For Generation Z, American religious life has been defined by its diversity. And religious pluralism has been as much practice as principle.
Young adults today have close friends and family members spanning a variety of religious identities and beliefs. In a survey conducted by the Survey Center on American Life, we found that nearly one in five (17%) of all marriages in the last decade have been among people of different faith traditions. If you count marriages between religious and non-religious people, the number of “interfaith” couples rises to nearly one in three (32%). In fact, marital relationships between religious and non-religious people are nearly as common as those between people of different faiths.
Given the rising number of Americans who are not attached to a religious tradition—34% of Gen Z is unaffiliated—interfaith dialogue is no longer just taking place between people who are balancing differences in belief systems. It’s also occurring between those with entirely different perceptions about the necessity and relevance of religion.
These conversations will not always be easy. Attitudes about religion have grown increasingly negative, especially among the nonreligious, and public confidence in organized religion has cratered. A recent survey finds that nearly seven in ten (68%) Americans who are unaffiliated believe that religion causes more problems than it solves.
But despite feelings of disappointment that many young people feel about traditional religious practice, research shows again and again that involvement in a religious community boosts our personal wellbeing, civic engagement, and sociability. The good news is that even Americans who reject organized religion still express interest in spiritual pursuits, seeking social connectedness and participating in groups or activities that serve a common purpose.
But perhaps even more importantly, many young people feel there are more opportunities to define their own religious worldview in ways that feel impossible in more traditional religious settings.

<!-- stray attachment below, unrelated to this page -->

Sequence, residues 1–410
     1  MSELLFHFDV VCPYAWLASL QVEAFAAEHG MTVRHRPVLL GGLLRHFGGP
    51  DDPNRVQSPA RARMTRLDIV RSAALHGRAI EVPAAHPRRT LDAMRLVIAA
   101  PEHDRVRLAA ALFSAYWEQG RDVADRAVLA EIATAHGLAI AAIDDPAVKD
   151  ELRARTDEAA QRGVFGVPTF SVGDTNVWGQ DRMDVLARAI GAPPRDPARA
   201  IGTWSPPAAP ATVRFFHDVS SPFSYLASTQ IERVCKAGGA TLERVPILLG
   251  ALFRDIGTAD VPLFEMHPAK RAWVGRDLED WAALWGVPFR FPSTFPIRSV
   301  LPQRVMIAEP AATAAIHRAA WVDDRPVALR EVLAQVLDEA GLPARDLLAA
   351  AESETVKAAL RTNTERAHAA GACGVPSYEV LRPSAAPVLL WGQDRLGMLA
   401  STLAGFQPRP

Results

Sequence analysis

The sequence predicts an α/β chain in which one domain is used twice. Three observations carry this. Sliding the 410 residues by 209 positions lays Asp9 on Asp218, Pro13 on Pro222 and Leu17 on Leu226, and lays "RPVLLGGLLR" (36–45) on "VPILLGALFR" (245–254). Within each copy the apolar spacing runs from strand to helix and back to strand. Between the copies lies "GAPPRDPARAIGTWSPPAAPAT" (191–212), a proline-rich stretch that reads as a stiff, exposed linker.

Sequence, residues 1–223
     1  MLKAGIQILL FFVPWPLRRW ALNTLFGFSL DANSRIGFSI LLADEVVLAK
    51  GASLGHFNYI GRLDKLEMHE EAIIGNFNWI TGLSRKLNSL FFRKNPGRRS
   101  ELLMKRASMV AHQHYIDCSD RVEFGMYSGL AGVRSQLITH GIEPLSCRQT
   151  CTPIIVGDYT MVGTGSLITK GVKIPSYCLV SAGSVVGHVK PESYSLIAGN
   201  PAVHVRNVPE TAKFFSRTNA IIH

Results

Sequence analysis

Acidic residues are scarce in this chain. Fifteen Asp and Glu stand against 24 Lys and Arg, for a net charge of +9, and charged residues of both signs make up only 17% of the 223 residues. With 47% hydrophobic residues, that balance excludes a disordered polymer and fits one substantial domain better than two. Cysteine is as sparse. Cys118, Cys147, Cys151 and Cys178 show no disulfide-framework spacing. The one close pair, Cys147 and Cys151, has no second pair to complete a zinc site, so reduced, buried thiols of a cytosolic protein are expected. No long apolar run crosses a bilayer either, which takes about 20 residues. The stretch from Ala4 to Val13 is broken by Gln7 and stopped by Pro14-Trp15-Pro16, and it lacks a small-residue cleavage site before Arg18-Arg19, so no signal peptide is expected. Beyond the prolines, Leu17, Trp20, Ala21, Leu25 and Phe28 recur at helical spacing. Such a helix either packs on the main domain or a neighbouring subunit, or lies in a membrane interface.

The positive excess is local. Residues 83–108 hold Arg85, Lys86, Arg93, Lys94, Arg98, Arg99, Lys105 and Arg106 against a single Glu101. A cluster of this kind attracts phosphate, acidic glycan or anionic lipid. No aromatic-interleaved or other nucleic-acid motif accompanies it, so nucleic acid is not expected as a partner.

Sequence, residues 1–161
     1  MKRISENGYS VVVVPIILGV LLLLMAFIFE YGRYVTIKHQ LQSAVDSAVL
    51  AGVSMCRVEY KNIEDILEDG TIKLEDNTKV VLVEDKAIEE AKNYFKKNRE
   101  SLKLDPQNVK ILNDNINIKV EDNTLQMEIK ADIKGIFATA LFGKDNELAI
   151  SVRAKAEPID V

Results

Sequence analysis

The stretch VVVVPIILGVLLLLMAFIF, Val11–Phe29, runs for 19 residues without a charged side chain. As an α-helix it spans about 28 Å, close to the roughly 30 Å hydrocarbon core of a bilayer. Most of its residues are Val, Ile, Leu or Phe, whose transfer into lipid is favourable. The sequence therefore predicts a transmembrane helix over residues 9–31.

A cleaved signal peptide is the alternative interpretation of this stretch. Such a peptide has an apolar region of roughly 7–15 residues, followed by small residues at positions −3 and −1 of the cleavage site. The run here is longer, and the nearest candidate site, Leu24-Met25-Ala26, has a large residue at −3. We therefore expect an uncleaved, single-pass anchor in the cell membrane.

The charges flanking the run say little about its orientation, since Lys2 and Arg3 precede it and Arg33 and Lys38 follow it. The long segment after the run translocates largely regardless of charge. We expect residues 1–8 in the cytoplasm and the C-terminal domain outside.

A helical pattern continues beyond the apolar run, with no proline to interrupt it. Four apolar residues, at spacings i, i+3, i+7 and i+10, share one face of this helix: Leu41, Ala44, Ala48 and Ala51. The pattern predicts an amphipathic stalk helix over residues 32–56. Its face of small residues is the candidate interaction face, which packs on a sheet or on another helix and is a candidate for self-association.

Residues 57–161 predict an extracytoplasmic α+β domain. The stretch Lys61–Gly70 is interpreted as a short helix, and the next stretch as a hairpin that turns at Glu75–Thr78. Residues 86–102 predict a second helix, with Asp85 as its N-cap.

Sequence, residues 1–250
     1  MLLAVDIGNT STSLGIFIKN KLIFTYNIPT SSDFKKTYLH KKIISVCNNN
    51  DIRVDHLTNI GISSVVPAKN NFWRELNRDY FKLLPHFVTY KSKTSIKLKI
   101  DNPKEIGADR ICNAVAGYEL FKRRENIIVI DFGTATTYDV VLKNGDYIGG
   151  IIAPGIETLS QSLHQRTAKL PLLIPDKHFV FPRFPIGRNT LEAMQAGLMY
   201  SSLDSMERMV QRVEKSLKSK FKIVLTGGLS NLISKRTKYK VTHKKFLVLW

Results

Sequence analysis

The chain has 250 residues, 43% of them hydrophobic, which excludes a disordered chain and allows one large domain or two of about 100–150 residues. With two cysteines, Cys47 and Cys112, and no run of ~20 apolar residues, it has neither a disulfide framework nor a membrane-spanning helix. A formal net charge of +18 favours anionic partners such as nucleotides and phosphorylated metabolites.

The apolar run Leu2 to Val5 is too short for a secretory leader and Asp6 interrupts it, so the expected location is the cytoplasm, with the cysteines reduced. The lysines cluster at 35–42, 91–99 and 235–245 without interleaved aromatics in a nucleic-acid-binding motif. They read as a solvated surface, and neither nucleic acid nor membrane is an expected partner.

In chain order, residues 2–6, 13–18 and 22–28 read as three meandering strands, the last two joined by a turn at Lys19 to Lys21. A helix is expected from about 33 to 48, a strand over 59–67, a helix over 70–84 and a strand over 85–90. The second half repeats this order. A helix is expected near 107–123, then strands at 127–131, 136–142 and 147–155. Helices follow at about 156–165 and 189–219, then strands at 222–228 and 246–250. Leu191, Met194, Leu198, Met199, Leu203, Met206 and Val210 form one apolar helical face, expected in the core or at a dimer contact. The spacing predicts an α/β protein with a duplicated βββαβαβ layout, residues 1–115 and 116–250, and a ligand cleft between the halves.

In an interview with the Arizona Republic, Manvi Harde, a member of Gen Z whose family identifies with Jainism, says that her appreciation for her faith did not come about until she became involved with an interfaith community. She reflects that Gen Z’s problem with organized religion is that it is something prescribed to them, as opposed to something they can help shape. “[It’s] never something that we get to build for ourselves,” she said.
This is a crucial point. For many young people, organized religion exists as a set of rules to be followed and restrictions to abide by. The lack of confidence young people have in organized religion may well be due to the feeling that there are few opportunities to have open and honest conversations about what their faith means and how it should be lived. A 2020 survey found that six in ten (60%) young adults ages 18 to 29 said their church or denomination should either adjust traditional beliefs in light of changing social circumstances or adopt entirely new practices and beliefs. It’s unclear how many religious congregations and denominations are ready to make these kinds of commitments.
What’s clear, however, is that a growing number of Gen Zers are looking for opportunities to join conversations and be part of communities that affirm their ideals and aspirations. An increasing number of young adults will not only be negotiating between different religious ideas and values but between a spiritual and secular worldview as well. And they are most likely to turn to people and organizations that can help them do it. For a generation experiencing unprecedented feelings of social isolation and disconnection a community founded on the ideals of openness, inclusivity, and religious pluralism is sure to be appealing.
Daniel Cox is a senior fellow in polling and public opinion at the American Enterprise Institute (AEI) and the director of the Survey Center on American Life. He specializes in survey research, politics, youth culture and identity, and religion.